The film also opens with a cameo from Richard Dreyfuss, and just in case you didn't know it was a reference to Jaws he sings Show Me the Way to Go Home. If I recall the original film had quite a few Jaws references as well, so I thought that was pretty cool. In another nod to Jaws, there's a scene where the sheriff gets a call from her son, and when she realises in horror that he's out on the lake rather than at home with the kids they imitate that dolly-zoom effect from the shark attack scene (or more accurately Vertigo). Although the son doesn't say where he is, she immediately hops into a boat and sails out to their location. Plot holes like this abound, such as the mystery surrounding O'Connells assistant, played by Paul Sheer, who just disappears from the film with no explanation.

With the plot holes and forgettable characters, this film is a lot like a SciFi Originals monster movie, the main difference being that this one actually delivers the goods. Once the piranhas crash the Spring Break festivities, the movie turns into an all-out gorefest, where pretty much every money shot you can imagine from a film like this is realised in graphic detail. You know that gag where someone is pulled out of the water only to reveal that the bottom half of their torso has been chewed off? That happens about five times, and once with a topless parasailer with massive jugs. Some of the deaths, such as where a girl gets her hair caught in a boat propeller, cross that fine line between squirm-inducing-fun-time-at-the-movies and Jesus-this-is-pretty-fucked-up. Plus most of it is realised through top-quality practical effects.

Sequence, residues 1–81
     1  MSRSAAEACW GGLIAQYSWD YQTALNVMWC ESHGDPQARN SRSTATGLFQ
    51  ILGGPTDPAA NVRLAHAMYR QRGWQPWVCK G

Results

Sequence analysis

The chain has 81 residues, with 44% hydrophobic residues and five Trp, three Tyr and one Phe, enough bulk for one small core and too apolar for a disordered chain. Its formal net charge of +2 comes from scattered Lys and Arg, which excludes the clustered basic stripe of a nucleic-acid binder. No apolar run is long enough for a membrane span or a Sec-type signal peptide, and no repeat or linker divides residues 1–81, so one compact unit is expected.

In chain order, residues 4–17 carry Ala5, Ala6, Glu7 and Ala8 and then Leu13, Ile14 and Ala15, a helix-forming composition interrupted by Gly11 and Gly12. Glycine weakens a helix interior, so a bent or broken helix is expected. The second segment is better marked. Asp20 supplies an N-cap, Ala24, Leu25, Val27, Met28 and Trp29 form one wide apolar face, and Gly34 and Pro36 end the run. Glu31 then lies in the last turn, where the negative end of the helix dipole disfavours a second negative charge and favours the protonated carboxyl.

Speaking of latex and silicone enhancements, this movie also delivers a lot of naked flesh. It's weird, because the modern age of high-speed internet porn have given titty movies have a quaint charm, like homemade butter or casual racism, but this movie has a pathological obsession with boobs and asses that makes Russ Meyer look like a puritan. Even Jake's 10-year-old sister is obsessed with titties. The movie doesn't go five minutes without cutting back to Spring Break (WOOOO!!) where some girl is shoving a big pair of 3D boobs in your face. There's even a wet t-shirt contest hosted by Eli Roth (playing himself presumably), which seems a little redundant when there are so many topless girls on display.

I especially liked this leery, over-the-top approach to nudity as it often dipped into hilarious self-parody. One amazing scene has two naked girls frolicking underwater in slow motion, while classical music plays in the background. It's straight out of a trashy 70s Euro-horror film like Tombs of the Blind Dead, so of course I loved it. Jerry O'Connell's character plays into this atmosphere perfectly. It's weird to think that the fat kid from Stand By Me would end up playing such a date-rapey asshole, snorting rails of coke with porn stars and pressuring underage girls into performing belly-button tequila shots. By the end of the film, you feel he almost, almost deserves his grisly fate.